Energy giants are misleading customer on cheapest deals
The six leading UK energy suppliers are guilty of giving customers the wrong advice – and failing to offer consumers the cheapest tariffs, according to Which?.
In an undercover investigation, where the consumer watchdog called up each of the companies 12 times during a week, none of the 'Big Six' managed to provide information on the cheapest quote.
They also failed to provide relevant information on exit penalties fees.
Scottish and Southern Electric (SSE), Scottish Power and EDF Energy were the worst culprits.
In only three out of 12 calls were Which? offered the cheapest tariff by SSE, while EDF Energy only offered the cheapest deal in five of its 12 calls.
Ducking the issues
In response to the investigation, an SSE spokesperson said "the product we offer depends upon the customer's needs", while EDF Energy said its cheaper online deals are intended to be sold online rather than over the telephone.
However, Richard Lloyd, executive director of Which?, believes suppliers are ducking the issue:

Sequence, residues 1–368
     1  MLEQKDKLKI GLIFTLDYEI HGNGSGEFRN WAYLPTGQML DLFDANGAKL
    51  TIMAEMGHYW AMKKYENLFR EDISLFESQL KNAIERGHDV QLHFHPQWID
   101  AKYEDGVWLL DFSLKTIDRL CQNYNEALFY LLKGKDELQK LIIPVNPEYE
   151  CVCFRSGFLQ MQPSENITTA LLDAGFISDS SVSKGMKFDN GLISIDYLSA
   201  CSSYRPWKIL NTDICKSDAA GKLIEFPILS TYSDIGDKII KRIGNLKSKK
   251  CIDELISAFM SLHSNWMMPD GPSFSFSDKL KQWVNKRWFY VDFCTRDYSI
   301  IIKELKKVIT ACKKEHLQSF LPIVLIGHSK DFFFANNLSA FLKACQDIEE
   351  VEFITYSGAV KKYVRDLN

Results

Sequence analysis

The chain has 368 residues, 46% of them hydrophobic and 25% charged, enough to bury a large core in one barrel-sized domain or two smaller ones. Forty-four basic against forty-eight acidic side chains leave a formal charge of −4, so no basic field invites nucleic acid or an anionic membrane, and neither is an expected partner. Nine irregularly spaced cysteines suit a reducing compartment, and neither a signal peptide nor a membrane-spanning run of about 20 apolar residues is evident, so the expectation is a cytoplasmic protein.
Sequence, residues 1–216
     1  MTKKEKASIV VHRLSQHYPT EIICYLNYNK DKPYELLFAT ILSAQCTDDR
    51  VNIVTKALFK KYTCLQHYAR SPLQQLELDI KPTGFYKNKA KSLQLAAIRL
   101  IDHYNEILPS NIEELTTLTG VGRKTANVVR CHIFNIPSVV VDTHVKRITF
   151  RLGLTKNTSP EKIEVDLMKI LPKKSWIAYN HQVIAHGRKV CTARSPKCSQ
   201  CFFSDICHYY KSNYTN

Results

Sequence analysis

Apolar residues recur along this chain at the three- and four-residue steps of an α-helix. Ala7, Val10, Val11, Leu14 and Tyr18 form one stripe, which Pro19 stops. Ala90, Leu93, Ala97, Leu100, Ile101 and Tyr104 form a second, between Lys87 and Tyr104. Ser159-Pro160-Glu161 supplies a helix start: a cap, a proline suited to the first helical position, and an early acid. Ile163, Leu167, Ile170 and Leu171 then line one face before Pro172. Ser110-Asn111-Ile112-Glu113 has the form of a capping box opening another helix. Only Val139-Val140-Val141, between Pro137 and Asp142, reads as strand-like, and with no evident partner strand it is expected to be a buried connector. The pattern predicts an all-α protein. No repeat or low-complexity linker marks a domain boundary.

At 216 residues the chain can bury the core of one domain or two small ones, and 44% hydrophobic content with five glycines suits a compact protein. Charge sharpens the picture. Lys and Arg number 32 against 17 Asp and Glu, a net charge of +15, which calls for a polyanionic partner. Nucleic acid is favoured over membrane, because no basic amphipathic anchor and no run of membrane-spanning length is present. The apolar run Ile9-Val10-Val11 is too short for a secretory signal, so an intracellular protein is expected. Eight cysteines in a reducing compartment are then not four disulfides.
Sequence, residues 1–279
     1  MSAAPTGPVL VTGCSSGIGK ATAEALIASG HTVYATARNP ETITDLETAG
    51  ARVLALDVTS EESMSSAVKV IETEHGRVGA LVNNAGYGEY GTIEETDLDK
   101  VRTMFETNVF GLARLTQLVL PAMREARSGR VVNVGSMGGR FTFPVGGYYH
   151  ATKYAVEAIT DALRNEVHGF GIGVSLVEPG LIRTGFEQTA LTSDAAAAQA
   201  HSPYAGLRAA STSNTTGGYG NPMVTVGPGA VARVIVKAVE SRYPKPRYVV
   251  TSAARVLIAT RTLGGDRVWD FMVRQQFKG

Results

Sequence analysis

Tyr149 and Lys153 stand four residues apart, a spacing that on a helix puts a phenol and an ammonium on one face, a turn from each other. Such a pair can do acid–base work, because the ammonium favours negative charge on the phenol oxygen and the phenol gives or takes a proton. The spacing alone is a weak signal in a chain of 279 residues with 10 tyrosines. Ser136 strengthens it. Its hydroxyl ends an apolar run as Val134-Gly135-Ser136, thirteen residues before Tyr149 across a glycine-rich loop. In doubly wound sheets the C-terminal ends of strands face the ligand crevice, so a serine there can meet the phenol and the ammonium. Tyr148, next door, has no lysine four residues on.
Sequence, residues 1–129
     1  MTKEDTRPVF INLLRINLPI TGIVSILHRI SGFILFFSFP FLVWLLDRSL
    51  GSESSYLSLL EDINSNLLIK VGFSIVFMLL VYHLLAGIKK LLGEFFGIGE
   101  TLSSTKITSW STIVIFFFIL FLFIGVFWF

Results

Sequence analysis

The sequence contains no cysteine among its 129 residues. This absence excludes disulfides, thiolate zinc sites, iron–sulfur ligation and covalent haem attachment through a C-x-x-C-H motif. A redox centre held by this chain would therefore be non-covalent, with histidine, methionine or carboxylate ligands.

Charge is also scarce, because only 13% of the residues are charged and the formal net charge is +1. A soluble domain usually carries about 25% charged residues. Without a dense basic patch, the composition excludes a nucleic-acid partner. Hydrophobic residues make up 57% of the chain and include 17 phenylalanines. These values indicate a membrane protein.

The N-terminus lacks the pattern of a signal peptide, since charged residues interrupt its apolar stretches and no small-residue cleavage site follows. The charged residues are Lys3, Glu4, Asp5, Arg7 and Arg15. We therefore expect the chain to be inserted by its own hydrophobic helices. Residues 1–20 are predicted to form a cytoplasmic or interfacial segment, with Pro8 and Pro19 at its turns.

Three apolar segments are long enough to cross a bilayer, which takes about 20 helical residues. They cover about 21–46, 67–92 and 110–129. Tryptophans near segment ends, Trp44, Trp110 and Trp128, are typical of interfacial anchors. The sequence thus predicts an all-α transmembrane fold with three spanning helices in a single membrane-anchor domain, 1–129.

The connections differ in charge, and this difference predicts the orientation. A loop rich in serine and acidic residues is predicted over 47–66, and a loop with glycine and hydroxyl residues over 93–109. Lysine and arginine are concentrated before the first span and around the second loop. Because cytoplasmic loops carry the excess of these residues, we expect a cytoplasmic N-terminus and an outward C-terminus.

"If you call an energy supplier asking for their cheapest deal, that's exactly what you should get."
"It's unacceptable for sales staff to give information that's plain wrong or confusing. Giving the right advice to customers about switching matters more than ever when so many people are struggling with escalating fuel bills and colder weather is starting to bite," he adds.
The investigation also exposed that Scottish Power was guilty of only revealing its £51 exit fee in three out of the 12 calls.
Which? has also pulled up British Gas for offering customers vastly different cashback amounts as part of its cheapest deal.
Not to be confused with an early repayment charge (ERC). Exit fees are levied on top of ERCs, which are a method of clawing back lost interest on a loan repaid early. By contrast, exit fees are charged for the administrative work this entails. They are charged as flat fees, from £150 to £300. However, in January 2007, following mortgage lenders surreptitiously raising fees sometimes by fivefold, the Financial Services Authority (FSA) intervened and most mortgage lenders removed exit fees from new mortgages. If you paid exit fees on your mortgage before January 2007, you may be able to claim them back.